Is Syria Next? - by Stephen Lendman
America's business isn't just war and grand theft. It's also regime change by whatever means.
A previous article mentioned General Wesley Clark, from his book, "Winning Modern Wars," saying that Pentagon sources told him two months after 9/11 that war plans were being prepared against Iraq, Syria, Lebanon, Iran, Somalia, Sudan and Libya. Months earlier, they were finalized against Afghanistan.
"And what about the real sources of terrorists - US allies in the region like Egypt, Pakistan, and Saudi Arabia? Wasn't it repressive policies of the first, and the corruption and poverty of the second, that were generating many of the angry young men who became terrorists? And what of the radical ideology and direct funding spewing from Saudi Arabia?"
"It seemed that we were being taken into a strategy more likely to make us the enemy - encouraging what could look like a 'clash of civilizations' - not a good strategy for winning the war on terror."
On September 5, Nil Nikandrov's Global Research.ca article asked if "After Libya: Is Venezuela Next?" saying:
NATO insurgents attack on Venezuela's Tripoli embassy and compound narrowly missed claiming casualties as "ambassador Afif Tajeldine and the embassy staff moved to a safer location at the last moment and left Libya shortly thereafter."
Nikandrov added that Venezuela's embassy was the only one looted, suggesting perhaps a message threatening Chavez as America's next target.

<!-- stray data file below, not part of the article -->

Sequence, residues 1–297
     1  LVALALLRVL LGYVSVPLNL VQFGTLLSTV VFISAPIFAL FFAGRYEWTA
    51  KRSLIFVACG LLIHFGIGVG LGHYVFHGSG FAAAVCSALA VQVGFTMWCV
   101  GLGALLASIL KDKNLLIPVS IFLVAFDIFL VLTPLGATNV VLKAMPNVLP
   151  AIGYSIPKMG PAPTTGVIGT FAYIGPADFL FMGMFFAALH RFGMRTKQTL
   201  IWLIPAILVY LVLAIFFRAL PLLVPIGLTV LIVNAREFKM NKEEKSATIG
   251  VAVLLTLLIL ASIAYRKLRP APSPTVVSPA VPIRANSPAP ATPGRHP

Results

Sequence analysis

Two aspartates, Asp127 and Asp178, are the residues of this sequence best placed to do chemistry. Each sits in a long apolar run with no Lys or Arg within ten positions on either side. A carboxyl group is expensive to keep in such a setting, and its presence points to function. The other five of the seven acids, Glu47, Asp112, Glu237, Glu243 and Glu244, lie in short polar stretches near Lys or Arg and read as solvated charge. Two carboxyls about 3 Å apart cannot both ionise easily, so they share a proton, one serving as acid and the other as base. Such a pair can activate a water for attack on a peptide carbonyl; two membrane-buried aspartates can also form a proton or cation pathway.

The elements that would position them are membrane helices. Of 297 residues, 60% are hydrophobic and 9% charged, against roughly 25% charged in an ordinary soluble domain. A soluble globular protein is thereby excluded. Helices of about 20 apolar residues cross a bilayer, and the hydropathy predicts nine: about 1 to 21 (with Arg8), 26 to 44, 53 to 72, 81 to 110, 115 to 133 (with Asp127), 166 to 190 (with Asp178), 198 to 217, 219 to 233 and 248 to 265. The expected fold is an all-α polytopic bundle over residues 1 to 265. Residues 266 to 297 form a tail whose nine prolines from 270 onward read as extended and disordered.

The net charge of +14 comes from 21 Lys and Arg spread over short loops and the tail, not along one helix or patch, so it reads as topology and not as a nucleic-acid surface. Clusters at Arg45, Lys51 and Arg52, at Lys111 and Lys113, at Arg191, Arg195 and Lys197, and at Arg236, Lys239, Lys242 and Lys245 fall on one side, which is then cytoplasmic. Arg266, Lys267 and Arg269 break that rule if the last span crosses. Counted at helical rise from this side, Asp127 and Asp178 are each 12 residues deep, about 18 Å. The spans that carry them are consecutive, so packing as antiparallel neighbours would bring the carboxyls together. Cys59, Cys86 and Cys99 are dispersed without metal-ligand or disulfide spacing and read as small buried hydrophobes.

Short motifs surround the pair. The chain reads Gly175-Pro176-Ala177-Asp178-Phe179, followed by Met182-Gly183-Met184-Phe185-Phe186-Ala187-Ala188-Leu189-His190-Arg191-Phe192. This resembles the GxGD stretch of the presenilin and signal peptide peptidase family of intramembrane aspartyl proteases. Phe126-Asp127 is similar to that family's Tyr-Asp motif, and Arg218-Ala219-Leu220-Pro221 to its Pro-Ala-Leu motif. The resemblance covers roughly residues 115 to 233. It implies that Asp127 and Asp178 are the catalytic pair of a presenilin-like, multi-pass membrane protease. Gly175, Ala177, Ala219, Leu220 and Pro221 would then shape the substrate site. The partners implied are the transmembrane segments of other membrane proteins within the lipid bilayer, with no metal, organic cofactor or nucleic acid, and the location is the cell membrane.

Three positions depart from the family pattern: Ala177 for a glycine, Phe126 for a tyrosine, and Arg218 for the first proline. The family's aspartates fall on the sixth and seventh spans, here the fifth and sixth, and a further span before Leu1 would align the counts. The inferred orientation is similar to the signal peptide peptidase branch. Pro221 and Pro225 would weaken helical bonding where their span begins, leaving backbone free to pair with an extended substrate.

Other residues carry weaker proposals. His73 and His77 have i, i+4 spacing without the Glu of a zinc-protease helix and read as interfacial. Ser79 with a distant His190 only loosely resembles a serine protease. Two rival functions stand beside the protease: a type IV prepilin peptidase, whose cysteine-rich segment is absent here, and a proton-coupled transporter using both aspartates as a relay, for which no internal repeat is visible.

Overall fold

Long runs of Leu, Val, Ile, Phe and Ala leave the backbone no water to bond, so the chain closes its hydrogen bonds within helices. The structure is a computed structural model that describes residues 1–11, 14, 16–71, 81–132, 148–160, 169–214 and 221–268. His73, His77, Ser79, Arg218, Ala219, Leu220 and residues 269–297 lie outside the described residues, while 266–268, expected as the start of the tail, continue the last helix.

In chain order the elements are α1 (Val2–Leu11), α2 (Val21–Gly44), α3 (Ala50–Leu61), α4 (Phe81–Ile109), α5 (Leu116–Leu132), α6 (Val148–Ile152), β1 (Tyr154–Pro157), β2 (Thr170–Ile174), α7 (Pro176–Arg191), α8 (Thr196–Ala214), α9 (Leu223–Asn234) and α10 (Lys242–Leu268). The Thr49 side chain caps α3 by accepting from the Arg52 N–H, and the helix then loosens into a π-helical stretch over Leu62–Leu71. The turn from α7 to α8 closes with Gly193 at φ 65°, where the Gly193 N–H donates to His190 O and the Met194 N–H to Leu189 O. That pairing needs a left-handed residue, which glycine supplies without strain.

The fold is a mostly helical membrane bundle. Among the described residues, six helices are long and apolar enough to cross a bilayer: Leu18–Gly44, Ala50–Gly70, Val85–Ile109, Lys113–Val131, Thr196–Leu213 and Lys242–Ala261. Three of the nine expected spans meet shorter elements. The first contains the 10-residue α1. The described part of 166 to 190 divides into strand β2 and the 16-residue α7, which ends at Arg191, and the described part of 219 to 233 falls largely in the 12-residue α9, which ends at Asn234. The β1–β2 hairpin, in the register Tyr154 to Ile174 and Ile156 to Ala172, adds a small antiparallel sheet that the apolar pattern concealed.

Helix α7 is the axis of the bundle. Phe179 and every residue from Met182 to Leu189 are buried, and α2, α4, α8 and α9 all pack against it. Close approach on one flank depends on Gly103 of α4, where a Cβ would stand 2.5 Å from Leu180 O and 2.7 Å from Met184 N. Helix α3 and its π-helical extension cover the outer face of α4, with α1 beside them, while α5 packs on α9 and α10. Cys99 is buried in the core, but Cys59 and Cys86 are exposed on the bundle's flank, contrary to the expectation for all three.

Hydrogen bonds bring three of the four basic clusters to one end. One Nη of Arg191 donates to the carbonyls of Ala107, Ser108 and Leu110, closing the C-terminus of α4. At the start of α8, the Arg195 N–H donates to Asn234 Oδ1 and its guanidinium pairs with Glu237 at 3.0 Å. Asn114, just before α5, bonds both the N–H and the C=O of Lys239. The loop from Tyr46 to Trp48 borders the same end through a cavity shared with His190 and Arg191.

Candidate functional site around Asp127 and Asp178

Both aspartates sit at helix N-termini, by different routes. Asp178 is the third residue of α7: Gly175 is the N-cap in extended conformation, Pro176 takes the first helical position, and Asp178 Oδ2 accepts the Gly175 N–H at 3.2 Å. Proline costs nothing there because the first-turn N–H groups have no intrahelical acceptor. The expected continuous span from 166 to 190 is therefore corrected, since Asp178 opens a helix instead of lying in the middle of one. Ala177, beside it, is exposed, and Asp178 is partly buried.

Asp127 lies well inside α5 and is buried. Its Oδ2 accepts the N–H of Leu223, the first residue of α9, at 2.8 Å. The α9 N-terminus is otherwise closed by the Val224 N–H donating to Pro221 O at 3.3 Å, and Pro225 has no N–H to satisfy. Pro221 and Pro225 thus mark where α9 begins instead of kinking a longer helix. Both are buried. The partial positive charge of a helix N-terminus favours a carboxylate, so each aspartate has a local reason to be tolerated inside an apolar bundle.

He certainly was in April 2002 for two days by a Washington instigated coup, aborted by mass street protests and support from many in Venezuela's military, especially from its middle-ranking officer corp.
Later in December 2002 and early 2003, he was again by a general strike and oil management lockout, causing severe economic disruption, and by an August 2004 national recall referendum he won handily with 59% of the vote.
Chavez knows Washington targets him for removal, yet he remains Venezuela's democratically elected president since first taking office on February 2, 1999, and still popular.
Nonetheless, last June, the Republican controlled House Foreign Relations Committee wanted the Obama administration to aggressively "contain (his) dangerous influence (and) his relations with Iran," according to Rep. Connie Mack (R. FL), chairman of the Subcommittee on Foreign Affairs for the Western Hemisphere.
He and Rep. Ileana Ros-Lehtinen (R. FL), another right-wing extremist, got the White House to impose sanctions on Petroleos de Venezuela (PDVSA), its state oil company even though America relies on imported oil it supplies.
They and others also want Venezuela designated a supporter of state terrorism with greater consequences if they succeed, unfriendly to US business interests very much opposed.
As a result, whether other actions follow bears close watching. Moreover, Venezuela's late 2012 presidential election is important, especially with Chavez recovering from cancer, so perhaps is more vulnerable than earlier.